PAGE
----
3.5 There are also parts of Manila that remain pristine, such as New Manila, where I first lived. New Manila looked like the American Dream. The streets were lined with trees, single-family houses, their corresponding green front lawns. There was order and schedule to garbage collection. Such communities were gated, landlocked, and secured with private armies. Despite the rest of the Philippines being known for white sandy beaches, in Manila you do not want to come near the water. In Manila you will see that bodies of water are natural dumpsters. Walking along bodies of water usually meant holding your breath.

4. Smokey Mountain was an informal slum city in the heart of Old Manila. It was named as such because the city infrastructure consisted of garbage that accumulated itself into the shape of a mountain over time. It was ordinary to hear news about flammable plastics causing wildfires and killing multiple residents. When the mountain was officially closed in 1995, many remaining residents migrated to a different dump and made another city out of it. For more on this, see information about the Payatas Dump, and the economies of scavenging that is often overlooked in Western theories of cities. See also Kathleen Millar’s book Reclaiming the Discarded: Life and Labor in Rio’s Garbage Dump (Duke UP, 2018).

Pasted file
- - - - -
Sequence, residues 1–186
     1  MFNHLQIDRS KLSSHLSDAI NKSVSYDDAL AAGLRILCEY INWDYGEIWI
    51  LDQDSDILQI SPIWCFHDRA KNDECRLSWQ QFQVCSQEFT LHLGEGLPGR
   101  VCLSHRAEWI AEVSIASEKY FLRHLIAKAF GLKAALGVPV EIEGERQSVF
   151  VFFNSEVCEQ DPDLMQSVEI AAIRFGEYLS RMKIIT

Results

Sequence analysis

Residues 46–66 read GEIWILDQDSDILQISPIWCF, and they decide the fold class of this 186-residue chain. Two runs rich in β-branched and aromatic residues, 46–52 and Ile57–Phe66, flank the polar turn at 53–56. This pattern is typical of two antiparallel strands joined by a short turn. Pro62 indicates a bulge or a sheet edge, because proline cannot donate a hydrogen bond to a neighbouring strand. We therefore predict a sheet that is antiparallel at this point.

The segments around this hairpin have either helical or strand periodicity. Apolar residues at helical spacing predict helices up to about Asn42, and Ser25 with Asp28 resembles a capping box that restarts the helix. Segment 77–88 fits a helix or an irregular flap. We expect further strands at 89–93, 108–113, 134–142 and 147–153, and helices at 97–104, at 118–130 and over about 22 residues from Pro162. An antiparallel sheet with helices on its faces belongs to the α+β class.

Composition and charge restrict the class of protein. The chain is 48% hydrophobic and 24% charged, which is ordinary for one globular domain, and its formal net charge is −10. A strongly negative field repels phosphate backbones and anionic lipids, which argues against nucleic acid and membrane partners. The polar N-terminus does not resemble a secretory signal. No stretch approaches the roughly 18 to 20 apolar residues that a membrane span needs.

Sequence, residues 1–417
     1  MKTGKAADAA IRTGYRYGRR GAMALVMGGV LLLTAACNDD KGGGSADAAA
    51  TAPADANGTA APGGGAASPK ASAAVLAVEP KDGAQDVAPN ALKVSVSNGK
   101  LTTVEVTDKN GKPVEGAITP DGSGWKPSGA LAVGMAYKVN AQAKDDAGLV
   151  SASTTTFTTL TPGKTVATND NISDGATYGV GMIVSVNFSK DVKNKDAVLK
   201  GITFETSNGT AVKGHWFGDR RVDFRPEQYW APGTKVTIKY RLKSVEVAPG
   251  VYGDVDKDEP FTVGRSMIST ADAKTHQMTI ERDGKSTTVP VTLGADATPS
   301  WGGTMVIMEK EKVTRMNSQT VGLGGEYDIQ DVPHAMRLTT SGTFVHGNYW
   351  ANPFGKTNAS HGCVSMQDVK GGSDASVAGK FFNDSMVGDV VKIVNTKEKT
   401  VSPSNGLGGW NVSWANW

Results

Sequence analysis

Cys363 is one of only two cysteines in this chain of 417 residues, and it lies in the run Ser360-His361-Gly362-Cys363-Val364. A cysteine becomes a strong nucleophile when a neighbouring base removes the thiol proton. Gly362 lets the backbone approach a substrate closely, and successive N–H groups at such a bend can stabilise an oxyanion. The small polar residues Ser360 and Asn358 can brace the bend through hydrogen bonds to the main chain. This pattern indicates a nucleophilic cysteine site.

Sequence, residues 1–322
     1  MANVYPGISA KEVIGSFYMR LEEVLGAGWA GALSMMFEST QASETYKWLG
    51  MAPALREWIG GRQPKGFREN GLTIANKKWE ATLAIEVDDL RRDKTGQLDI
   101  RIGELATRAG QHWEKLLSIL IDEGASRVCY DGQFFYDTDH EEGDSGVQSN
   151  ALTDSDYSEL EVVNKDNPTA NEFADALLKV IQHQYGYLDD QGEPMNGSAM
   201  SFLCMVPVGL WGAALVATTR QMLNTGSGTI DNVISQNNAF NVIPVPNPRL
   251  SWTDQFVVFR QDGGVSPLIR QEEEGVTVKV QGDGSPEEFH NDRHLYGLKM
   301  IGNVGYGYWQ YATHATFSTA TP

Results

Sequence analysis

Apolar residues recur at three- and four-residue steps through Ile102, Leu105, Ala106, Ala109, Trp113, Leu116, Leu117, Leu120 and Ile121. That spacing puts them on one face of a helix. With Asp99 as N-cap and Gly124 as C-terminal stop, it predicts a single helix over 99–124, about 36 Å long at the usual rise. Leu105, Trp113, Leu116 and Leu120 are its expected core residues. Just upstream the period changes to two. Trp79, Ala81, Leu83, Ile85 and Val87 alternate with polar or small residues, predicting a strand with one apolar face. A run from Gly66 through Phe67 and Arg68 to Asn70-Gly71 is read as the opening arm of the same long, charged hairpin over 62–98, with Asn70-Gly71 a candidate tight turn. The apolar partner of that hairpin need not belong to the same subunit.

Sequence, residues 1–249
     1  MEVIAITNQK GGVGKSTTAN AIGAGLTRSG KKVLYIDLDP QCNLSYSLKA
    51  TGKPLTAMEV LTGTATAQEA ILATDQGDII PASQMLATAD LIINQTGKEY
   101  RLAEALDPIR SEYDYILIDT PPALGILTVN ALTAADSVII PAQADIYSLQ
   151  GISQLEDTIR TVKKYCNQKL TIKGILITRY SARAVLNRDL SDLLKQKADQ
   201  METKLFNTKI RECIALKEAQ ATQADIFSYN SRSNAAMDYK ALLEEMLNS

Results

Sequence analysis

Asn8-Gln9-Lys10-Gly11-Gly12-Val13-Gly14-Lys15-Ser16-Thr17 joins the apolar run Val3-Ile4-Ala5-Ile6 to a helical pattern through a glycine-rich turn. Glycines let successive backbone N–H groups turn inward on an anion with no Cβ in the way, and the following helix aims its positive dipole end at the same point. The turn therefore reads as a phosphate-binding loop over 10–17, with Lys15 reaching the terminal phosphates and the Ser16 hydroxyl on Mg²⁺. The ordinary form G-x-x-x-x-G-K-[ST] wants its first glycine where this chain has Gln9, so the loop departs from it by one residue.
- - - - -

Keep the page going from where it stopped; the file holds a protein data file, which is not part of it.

Volkswagen Graveyard

“The world is on fire and the arsonists are in charge.” Naomi Klein

Decade of Fire is a film about the South Bronx burning between the years 1970 to 1980. It burned for 10 years because the City of New York let it. In this part of the city that many African Americans and Puerto Rican immigrants called home, capitalist-landlords and the racist state jointly decided that urban renewal meant, as James Baldwin said, “Negro removal.” The state with its evil genius orchestrated a narrative in which those most affected were also the most vilified. I remember one resident who shared how the unending fires made it natural for her to sleep with her shoes on because you just never know.

“Good Morning Teacher” © Perla de Leon, from the 1980 series “South Bronx Spirit”